Excerpt from the Medical Ultrasound Fact Sheet from the American Institute of Ultrasound in Medicine (AIUM)
Most couples want to obtain an ultrasound during the pregnancy, and it is estimated that 70-80 percent of pregnant women do have an ultrasound in the United States. This can be a reassuring event that the baby looks normal and can be fun watching the baby move, as well as get some pictures (we offer 3D/4D).
What can you expect from an ultrasound at the various stages of pregnancy?
One expectation is for us to date a pregnancy in weeks from the beginning of the last menstrual period. All pregnancies are calculated clinically from the beginning of your last menstrual period even thought you were not pregnant then.
We can first see signs of a pregnancy at about 5 – 5.5 weeks, when, on transvaginal ultrasound, we will see a gestational sac in the uterus about 1-3 millimeters in diameter. Sometimes we cannot even see a sac but can demonstrate blood flow using Doppler that indicates a pregnancy has occurred or is occurring in the uterus. If we don’t see a sac, we are careful because things change daily at this stage of pregnancy. A day or two later we may see the sac or yolk sac, and a day or two later the embryo. As soon as we can see the embryo we may see the pulsation of the embryonic heartbeat. At this early stage, we can sometimes diagnose problems: if the yolk sac is excessively large, that might be a sign the pregnancy is going to fail. If we do not see an embryo or heart beat at a time in pregnancy when we should see that, we need to investigate to be sure the pregnancy dating is correct. Your doctor may want to do serial ultrasounds to determine if normal development is taking place. Around 7 and 8 weeks the embryo is very well seen, and we should begin to see limbs. The head, abdomen, umbilical cord and its insertion into the embryo’s body, as well as the location of the placenta are clearly visualized. Measuring the length of the embryo (crown-rump length) at this stage of pregnancy gives us very accurate dating of the pregnancy, usually within 3 or 4 days. The further along in pregnancy the first dating is done, the less accurate it is.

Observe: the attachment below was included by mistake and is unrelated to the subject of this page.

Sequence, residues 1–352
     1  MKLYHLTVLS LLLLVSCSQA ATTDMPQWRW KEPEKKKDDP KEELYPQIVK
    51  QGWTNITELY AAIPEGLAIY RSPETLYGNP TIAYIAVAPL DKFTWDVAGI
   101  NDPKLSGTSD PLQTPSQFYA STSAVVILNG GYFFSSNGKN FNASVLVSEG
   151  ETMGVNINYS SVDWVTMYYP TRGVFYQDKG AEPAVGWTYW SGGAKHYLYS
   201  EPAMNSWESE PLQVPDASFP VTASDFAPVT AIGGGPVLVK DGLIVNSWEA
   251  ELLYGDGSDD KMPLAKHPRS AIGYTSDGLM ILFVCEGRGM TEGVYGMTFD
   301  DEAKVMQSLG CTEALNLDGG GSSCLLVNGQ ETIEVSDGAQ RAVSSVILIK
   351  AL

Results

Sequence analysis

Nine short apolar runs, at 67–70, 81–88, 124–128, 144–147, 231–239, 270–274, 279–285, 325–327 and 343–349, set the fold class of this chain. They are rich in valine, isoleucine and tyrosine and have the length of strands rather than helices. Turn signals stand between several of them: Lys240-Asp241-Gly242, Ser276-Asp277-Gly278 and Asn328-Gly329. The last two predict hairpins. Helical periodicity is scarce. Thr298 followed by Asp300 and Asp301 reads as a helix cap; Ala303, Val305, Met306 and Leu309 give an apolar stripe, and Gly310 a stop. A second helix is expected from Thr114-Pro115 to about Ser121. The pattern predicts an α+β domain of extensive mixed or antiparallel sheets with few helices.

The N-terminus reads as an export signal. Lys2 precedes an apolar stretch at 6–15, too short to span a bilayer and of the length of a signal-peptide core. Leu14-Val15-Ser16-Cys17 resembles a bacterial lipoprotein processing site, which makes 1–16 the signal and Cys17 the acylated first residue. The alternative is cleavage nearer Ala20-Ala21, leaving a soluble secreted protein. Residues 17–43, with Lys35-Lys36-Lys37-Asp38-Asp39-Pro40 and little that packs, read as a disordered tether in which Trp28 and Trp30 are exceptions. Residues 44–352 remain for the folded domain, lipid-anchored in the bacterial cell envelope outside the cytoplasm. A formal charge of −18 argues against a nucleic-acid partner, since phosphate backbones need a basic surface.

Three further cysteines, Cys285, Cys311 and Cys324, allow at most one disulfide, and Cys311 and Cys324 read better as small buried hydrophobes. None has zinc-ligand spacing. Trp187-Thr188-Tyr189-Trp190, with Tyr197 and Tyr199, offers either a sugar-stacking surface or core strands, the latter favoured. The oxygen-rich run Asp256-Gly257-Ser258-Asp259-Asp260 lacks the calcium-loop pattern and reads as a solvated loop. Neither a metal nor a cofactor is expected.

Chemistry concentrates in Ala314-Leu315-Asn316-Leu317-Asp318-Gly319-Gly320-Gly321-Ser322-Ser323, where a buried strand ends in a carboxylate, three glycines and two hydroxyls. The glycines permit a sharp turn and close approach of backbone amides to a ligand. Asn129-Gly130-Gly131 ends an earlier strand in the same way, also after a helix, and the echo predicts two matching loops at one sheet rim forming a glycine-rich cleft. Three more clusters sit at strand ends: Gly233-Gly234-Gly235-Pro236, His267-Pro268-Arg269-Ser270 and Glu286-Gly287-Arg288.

If your dates are uncertain (and there are lots of reasons you might not be sure how far along you are) then the first ultrasound you have sets the due date, and that is not changed even with subsequent ultrasounds. For example, if your first ultrasound, done at 8 or 10 weeks, says you are due on the 4th of July, and an ultrasound done 6 or 8 weeks later says you are due the 20th of October, the second ultrasound does not change the due date. The second ultrasound should be interpreted that the fetus is not growing at the expected rate (the fetus is not as large as it should be).
The Late First Trimester
At about twelve weeks gestation, the embryo changes its name from embryo to fetus. The fetus looks like a baby now. We can see arms and legs, hands and feet, head and brain, spine and sometimes other organs. The fetus moves and jumps about. We can see a lot of detail with transvaginal ultrasound at 11 or 12 weeks if we take the time to look. This is the time that we want to look at the nuchal translucency.
The Second Trimester